I read some of the back and forth with other folks in the discussion and I have a few suggestions and comments.
SUGGESTION: You're connected through a VPN. Can your design incorporate running Kali from your location across the VPN (other than say running NMAP from different physical locations on the network)? That alleviates having the test system permanently deployed on-site, and making the client responsible for connecting and securing it.
There is nothing "wrong" with using Kali. It's an "easy button" of sorts, and comes with a significant amount of professionally published literature on its responsible use, and is the basis of the OSCP qualification. I would be more likely to run Kali and spend time customizing it as a single source for penetration testing on it's own firewall burb, VLAN, etc. than purpose building 30 different systems and then turning around and having to audit 30 separate systems.
The tools that Kali provides academically increases the attack surface, much in the same way that professionals have been chanting about how longer passwords academically increase the security of login credentials. For someone to use your Kali deployment, you've technically already lost the enterprise before the attacker even finds your deployment. If the person is on the outside, then they would have had to breach nearly every control out there (firewall, VPN, access control, etc.) and move laterally through several systems and networks to reach your Kali deployment - and likely could have just as easily installed the tools themselves. If the person is on the inside with access to Kali, well... Cue Chopin's Funeral March.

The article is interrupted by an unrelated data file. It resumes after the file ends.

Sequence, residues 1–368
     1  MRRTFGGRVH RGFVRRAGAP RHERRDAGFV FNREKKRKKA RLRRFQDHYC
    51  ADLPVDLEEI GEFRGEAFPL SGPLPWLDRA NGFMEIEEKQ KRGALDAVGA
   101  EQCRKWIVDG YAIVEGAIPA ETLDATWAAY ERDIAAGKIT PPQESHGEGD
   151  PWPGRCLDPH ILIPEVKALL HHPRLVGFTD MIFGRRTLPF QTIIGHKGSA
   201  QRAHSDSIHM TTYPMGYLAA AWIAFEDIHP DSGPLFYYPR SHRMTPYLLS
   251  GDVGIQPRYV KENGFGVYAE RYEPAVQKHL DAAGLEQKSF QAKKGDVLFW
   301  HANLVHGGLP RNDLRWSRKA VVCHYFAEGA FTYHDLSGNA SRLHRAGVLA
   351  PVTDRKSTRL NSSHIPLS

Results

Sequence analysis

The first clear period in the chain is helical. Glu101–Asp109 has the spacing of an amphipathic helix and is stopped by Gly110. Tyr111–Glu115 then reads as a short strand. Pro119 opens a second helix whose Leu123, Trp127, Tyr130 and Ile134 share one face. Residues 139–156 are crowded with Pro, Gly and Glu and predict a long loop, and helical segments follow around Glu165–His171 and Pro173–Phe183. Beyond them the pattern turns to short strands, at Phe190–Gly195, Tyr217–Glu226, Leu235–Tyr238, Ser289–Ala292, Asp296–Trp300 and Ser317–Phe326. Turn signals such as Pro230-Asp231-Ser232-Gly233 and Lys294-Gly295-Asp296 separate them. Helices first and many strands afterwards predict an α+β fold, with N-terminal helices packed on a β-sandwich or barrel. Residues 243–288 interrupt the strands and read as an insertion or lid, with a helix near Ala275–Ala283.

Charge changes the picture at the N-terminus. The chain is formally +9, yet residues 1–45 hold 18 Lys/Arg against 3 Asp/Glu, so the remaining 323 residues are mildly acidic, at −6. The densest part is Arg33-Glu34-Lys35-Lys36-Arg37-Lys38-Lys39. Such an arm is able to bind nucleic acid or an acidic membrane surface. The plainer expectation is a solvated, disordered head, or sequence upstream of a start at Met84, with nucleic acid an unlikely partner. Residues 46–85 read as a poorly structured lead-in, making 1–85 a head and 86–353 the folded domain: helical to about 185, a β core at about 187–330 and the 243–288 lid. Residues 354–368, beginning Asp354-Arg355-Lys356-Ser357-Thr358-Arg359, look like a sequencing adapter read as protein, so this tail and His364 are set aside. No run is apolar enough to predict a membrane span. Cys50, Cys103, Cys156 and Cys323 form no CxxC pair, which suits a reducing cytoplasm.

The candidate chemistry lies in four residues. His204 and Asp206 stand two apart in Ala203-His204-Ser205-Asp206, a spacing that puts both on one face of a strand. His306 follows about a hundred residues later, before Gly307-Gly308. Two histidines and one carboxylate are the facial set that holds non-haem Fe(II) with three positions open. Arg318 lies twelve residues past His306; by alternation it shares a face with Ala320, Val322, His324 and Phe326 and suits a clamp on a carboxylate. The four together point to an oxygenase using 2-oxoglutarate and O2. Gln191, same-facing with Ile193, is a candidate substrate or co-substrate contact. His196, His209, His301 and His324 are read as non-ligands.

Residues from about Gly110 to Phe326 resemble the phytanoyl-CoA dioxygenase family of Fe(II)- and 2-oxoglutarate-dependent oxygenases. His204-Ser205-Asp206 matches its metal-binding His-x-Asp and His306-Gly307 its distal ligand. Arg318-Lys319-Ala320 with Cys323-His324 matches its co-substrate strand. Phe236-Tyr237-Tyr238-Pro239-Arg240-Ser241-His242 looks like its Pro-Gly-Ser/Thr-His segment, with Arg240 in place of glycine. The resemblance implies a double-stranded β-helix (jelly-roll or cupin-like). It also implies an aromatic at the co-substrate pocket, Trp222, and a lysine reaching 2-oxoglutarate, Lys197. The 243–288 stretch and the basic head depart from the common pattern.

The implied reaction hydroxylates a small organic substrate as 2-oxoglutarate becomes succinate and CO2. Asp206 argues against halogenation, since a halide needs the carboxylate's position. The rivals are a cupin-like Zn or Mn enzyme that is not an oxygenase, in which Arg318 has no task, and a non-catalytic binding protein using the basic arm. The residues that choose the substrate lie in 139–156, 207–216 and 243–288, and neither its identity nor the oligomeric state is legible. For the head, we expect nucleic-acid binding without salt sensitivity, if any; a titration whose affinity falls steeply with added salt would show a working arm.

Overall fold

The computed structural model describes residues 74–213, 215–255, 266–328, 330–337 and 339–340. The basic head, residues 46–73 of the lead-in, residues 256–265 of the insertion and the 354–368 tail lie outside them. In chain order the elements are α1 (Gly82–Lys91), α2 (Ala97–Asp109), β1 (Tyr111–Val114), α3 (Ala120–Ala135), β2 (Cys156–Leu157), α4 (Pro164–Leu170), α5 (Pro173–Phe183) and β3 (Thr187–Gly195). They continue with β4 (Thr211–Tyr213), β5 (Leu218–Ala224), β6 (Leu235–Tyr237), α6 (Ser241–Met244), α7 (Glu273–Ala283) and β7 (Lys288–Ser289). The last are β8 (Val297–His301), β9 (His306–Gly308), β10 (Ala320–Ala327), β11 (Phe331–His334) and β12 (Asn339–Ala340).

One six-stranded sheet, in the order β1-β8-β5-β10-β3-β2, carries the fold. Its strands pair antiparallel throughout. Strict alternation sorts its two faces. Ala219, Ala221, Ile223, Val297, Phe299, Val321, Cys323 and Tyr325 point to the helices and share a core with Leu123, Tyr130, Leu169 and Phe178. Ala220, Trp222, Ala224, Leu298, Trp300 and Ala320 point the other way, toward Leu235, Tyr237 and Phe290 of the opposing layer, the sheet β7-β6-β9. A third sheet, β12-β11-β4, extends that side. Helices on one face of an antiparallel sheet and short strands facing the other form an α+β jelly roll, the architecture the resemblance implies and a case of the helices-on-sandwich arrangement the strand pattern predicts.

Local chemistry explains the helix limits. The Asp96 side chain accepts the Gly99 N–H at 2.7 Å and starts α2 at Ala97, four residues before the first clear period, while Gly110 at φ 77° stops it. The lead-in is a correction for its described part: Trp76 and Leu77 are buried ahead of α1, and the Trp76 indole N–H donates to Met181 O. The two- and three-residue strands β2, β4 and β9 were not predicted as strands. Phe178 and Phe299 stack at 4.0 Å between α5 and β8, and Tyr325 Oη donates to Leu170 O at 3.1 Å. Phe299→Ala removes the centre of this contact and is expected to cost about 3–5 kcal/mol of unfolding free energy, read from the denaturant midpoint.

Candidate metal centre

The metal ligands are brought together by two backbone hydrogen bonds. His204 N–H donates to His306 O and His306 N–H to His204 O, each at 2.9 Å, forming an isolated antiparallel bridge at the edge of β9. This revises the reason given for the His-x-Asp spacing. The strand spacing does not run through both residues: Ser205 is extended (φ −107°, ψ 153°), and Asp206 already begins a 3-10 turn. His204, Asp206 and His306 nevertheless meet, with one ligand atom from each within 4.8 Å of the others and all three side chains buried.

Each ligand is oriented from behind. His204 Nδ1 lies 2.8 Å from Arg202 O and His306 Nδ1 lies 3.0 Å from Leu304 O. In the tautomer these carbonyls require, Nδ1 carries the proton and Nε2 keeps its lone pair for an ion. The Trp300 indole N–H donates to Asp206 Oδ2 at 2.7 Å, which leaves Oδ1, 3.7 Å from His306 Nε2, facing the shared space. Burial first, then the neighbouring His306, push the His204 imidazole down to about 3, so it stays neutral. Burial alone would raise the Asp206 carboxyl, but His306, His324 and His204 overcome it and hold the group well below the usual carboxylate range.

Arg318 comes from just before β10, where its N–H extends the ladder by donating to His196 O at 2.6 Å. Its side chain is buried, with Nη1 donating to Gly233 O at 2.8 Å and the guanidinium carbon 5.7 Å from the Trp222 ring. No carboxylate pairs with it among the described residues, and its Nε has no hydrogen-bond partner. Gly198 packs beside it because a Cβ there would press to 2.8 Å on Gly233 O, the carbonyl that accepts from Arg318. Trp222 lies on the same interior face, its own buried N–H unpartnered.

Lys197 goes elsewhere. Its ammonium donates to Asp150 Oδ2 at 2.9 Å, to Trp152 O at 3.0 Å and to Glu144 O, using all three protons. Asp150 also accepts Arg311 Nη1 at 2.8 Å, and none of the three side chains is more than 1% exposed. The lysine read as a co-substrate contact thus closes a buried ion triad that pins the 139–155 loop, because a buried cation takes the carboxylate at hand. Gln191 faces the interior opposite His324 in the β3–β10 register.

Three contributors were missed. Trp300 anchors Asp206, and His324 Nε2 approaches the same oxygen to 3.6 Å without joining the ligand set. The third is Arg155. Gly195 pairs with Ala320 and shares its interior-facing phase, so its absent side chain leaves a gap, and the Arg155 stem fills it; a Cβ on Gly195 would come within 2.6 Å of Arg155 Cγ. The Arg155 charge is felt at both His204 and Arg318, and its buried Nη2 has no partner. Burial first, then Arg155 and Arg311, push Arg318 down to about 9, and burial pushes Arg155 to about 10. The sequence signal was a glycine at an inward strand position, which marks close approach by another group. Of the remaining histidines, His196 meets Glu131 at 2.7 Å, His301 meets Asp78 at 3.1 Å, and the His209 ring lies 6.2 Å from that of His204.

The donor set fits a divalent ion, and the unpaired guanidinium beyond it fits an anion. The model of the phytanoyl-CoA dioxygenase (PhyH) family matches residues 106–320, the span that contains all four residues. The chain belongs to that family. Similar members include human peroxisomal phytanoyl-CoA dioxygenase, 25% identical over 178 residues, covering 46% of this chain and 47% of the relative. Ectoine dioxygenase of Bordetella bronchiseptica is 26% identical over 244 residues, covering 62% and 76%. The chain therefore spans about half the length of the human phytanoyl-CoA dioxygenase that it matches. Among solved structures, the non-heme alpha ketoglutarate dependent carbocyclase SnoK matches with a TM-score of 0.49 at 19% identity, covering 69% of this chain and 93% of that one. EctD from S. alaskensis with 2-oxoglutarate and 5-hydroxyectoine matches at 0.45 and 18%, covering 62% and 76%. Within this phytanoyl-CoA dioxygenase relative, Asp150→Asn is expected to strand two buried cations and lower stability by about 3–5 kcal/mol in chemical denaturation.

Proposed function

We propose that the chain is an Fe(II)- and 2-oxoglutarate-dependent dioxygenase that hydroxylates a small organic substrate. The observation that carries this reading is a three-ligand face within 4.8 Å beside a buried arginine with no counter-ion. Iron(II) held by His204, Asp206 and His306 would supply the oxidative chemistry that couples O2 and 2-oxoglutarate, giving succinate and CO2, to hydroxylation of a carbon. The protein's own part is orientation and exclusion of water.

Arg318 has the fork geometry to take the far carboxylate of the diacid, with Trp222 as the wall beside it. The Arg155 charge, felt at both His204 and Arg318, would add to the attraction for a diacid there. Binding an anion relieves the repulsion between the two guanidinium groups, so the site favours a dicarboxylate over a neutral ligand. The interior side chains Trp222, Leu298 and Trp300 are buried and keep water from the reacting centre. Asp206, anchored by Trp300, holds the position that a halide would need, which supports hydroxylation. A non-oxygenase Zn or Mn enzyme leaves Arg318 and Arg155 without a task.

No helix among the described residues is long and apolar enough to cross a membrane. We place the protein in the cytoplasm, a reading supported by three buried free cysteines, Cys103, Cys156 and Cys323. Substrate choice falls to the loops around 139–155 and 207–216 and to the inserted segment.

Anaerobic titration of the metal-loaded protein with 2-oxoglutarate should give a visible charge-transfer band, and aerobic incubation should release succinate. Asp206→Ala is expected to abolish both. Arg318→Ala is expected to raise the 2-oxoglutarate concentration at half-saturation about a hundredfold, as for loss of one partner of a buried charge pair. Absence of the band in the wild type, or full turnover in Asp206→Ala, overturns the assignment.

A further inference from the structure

Also something to keep in mind, if someone has physical access to the box changing the root password is not hard without signing in. A previous CISO left his KALI machine here with no password given to me. Within 30 seconds I had reset the root password to something of my choosing.
So don't count on authorized users being the only ones to be able to access this box.